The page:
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Socialist Literature

Theory and Practice


Abdulla M. Al-Dabbagh

Socialist Literature studies the relationship between the development of socialist literary theory and the process of cultural transformation in modern society by tracing the outline of the theory in the works of Marx, Lenin, and Mao, and examining its reflection in actual works of literature. This analysis is set alongside a detailed examination of the literary part of the cultural superstructure in China and in the Soviet Union. Among the major literary and theoretical works discussed are The communist Manifesto, Talks at the Yenan Forum on Literature and Art, Gorky’s Mother, and the poetry of Mayakovsky.
Key issues, like the position of the writer in society, the relationship of the old and the new in literature, and the much discussed relationship between the «creator» and the «audience,» are examined and explained in a different light by regarding them as more than purely theoretical issues or abstract cultural problems and, instead, considering them as social issues that can only be settled at the level of practice.
Abdulla Al-Dabbagh amplifies the area of research by discussing some of the major opposing positions to the theory outlined and, by examining at length the portrayal of proletarian heroism, one of its key concepts, in the literary works of the same epoch. The result of the close textual analysis of a large number of major works of poetry, drama, and fiction reveals the course of the artistic development to be complementary to that of the theoretical advance.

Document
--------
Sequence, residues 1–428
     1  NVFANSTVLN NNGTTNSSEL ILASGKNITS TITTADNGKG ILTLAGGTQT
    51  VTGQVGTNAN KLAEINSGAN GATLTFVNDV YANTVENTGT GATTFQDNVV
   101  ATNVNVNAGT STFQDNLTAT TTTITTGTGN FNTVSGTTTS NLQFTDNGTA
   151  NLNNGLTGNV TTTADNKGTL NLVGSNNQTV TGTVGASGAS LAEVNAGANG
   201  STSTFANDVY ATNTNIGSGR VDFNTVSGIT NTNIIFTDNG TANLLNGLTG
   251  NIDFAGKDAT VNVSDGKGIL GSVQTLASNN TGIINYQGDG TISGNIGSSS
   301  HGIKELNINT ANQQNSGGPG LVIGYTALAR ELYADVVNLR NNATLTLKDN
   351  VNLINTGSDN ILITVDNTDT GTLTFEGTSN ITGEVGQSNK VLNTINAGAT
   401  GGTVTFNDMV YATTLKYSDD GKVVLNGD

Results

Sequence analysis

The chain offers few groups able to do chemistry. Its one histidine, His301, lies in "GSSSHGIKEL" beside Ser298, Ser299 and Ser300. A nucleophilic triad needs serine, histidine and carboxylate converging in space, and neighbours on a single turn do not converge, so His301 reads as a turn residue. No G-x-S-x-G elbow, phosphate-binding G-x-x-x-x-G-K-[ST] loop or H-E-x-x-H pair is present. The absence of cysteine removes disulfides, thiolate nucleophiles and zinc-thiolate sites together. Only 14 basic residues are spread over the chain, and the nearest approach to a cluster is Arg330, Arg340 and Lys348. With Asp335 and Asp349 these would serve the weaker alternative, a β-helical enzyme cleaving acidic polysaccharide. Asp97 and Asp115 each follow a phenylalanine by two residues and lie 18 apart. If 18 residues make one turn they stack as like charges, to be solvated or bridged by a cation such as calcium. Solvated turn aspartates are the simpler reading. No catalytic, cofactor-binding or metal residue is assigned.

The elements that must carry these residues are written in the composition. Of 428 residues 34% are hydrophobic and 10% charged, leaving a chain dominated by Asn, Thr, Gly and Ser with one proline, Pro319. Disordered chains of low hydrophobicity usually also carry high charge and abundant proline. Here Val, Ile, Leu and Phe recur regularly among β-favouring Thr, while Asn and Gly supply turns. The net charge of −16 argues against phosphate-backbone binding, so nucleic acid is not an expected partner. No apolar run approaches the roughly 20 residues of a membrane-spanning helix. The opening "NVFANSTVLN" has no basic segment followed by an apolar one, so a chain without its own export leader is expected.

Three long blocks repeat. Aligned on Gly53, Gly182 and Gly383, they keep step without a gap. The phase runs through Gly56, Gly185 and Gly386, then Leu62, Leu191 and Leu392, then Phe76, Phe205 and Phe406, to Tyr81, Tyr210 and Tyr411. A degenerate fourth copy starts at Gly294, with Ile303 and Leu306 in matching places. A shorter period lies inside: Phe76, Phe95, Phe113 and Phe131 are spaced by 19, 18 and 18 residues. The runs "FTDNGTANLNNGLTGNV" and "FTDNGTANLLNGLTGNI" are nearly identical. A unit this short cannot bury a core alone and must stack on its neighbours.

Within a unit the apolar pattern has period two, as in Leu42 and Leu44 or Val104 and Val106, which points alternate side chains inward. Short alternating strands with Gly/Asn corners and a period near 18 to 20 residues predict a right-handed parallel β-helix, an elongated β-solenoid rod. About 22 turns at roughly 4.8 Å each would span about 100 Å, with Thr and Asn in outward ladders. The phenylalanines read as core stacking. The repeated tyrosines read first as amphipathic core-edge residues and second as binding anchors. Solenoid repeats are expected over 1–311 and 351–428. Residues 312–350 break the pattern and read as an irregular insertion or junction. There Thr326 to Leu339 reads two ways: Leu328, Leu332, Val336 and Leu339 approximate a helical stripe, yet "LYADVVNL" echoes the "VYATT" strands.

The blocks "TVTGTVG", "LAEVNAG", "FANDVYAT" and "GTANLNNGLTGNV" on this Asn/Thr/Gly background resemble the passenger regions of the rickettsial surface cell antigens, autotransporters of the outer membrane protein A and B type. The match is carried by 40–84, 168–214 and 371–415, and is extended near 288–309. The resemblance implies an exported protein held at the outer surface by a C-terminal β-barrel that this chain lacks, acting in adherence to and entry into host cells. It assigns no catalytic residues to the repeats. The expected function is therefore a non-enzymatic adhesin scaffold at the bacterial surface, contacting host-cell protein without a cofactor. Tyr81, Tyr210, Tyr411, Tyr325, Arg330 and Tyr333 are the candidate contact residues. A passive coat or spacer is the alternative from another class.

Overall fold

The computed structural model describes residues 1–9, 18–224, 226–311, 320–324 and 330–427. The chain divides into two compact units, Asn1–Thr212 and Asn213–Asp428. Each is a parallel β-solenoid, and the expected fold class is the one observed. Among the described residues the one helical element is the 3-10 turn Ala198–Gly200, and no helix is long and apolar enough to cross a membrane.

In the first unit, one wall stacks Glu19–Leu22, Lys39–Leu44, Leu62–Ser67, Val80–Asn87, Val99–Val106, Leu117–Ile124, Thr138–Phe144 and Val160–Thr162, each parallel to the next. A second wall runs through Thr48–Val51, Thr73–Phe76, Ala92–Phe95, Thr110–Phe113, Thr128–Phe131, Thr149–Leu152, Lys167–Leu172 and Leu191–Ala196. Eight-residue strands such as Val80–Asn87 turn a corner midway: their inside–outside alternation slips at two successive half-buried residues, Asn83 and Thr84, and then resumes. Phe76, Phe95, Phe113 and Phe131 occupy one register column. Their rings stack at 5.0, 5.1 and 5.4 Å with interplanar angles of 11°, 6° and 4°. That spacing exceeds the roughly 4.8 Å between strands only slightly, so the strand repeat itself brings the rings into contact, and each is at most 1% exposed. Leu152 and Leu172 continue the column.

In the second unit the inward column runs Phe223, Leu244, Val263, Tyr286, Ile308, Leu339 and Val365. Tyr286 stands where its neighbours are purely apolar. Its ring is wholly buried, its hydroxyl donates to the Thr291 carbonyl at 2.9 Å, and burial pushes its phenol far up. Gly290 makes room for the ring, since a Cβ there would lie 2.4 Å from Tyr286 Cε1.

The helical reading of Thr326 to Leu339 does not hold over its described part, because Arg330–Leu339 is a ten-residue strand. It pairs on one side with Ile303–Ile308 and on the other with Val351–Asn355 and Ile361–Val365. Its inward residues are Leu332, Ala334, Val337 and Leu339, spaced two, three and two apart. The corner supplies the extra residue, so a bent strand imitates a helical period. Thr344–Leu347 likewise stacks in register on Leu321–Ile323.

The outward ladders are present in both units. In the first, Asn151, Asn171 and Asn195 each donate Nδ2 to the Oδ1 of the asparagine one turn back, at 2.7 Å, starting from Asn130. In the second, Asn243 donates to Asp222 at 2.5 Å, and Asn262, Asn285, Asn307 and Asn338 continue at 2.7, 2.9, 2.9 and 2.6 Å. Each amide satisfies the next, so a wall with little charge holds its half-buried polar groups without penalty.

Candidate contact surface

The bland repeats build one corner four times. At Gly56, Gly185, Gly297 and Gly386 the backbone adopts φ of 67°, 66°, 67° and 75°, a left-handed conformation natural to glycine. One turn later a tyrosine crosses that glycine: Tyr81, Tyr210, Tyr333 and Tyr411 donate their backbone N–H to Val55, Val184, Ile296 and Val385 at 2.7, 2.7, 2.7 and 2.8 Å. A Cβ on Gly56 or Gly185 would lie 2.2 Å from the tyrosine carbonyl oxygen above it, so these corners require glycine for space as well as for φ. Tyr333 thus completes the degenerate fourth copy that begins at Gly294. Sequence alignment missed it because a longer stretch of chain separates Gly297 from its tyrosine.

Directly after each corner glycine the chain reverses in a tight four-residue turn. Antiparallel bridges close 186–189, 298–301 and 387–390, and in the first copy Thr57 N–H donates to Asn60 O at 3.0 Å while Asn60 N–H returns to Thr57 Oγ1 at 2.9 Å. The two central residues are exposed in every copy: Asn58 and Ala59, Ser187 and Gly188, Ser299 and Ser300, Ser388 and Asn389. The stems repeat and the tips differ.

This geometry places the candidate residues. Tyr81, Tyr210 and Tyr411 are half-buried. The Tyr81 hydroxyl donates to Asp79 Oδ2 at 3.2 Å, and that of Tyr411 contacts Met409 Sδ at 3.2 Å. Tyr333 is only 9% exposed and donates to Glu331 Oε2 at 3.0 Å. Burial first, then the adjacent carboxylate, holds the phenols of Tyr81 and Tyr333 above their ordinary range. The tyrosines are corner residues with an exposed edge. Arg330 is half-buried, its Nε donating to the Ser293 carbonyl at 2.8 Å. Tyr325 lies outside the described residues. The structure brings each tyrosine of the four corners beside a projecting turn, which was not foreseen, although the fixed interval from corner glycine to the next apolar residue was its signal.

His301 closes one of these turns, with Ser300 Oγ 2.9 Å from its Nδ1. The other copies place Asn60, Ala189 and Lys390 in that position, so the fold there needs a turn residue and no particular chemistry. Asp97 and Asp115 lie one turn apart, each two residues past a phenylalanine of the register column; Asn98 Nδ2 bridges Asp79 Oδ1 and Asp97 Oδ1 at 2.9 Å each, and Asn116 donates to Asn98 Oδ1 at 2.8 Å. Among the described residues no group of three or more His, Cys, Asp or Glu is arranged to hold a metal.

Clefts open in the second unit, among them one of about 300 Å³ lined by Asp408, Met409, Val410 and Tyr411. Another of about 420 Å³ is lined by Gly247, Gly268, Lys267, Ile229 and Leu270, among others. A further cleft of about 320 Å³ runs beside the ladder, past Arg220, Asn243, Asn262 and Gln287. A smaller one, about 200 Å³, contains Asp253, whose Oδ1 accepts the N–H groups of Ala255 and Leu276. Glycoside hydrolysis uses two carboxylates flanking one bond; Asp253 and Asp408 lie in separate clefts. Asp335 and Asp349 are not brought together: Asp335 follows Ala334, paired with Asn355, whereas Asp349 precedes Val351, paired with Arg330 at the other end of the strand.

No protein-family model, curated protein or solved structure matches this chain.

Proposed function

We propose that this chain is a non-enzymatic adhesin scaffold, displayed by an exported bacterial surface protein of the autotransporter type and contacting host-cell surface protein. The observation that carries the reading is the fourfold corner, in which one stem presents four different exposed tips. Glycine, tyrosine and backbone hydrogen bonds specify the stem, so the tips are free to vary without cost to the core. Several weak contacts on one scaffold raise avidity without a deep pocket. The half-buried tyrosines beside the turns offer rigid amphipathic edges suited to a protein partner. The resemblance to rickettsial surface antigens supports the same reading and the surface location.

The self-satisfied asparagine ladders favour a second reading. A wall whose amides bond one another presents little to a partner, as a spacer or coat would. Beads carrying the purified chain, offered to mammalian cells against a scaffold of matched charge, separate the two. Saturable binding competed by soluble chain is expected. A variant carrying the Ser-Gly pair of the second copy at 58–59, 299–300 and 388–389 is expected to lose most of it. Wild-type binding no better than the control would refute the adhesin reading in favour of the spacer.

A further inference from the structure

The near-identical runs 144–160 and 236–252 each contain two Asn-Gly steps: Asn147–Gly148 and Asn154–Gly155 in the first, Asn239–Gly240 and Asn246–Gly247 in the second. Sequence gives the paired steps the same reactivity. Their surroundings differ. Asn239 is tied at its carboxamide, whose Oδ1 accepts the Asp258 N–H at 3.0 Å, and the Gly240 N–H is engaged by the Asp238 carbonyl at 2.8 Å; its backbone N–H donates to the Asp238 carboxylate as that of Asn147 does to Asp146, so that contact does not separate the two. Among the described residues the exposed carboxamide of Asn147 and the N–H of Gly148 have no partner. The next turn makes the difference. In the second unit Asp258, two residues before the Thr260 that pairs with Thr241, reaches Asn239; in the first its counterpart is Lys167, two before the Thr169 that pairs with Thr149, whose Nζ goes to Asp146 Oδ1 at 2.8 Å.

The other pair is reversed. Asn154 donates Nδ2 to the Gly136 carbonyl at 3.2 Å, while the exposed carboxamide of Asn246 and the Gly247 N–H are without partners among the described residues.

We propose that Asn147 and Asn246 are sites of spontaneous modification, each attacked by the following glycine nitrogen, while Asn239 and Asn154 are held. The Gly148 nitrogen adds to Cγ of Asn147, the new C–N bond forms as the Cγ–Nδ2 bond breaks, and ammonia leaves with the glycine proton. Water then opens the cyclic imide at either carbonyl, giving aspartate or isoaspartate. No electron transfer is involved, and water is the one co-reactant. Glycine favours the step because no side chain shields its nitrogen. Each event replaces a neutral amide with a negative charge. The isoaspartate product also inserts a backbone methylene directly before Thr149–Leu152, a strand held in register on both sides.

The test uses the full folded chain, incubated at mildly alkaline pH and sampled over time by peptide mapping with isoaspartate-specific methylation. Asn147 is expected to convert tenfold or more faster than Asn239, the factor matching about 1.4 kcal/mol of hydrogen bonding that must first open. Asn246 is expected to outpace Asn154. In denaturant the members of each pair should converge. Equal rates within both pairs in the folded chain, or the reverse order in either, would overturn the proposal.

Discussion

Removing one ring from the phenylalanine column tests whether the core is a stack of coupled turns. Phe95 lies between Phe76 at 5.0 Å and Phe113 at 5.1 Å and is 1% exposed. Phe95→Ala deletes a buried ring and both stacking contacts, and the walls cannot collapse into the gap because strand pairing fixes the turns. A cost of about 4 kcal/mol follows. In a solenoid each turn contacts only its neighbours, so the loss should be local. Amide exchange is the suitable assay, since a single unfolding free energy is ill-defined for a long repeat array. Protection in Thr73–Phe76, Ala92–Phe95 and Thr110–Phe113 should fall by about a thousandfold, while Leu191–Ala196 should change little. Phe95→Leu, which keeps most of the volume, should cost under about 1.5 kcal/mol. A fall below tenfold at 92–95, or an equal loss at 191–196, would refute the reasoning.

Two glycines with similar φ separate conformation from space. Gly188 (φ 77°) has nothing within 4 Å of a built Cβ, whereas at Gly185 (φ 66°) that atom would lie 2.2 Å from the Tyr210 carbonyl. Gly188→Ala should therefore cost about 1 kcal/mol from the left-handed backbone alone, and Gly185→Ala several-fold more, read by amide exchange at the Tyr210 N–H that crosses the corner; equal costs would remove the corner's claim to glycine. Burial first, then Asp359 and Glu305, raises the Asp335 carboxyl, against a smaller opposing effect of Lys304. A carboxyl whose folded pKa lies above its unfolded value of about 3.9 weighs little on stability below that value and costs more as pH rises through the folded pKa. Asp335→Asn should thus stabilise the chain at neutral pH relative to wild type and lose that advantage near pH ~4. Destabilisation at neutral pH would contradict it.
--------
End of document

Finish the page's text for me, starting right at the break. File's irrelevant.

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2 The Yenan Talks



The Yenan Talks


In his first speech to the forum on literature and art held in Yenan in 1942, Mao defined the occasion as a meeting to exchange ideas on the relationship between work in the literary and artistic fields and revolutionary work in general. He said that in order for the Chinese people to liberate their country and change their society, they had to have a cultural army as well as an army with guns. He regarded the cultural army as absolutely indispensible’1 for uniting the ranks of the people and for defeating the enemy.

The origins of such a cultural army went back to the May Fourth Movement of 1919 which was a patriotic movement mainly of intellectuals that had rapidly developed into a nation-wide movement embracing all the revolutionary urban classes of China and a vigorous cultural movement whose main current was the propagation of Marxism.2 This greatly helped the Chinese revolution by generally reducing the domain of China’s feudal and comprador bourgeois culture and weakening their influence. Ever since the May Fourth Movement, Mao said, a cultural front had been opened up in which literature and art played an important and successful part.

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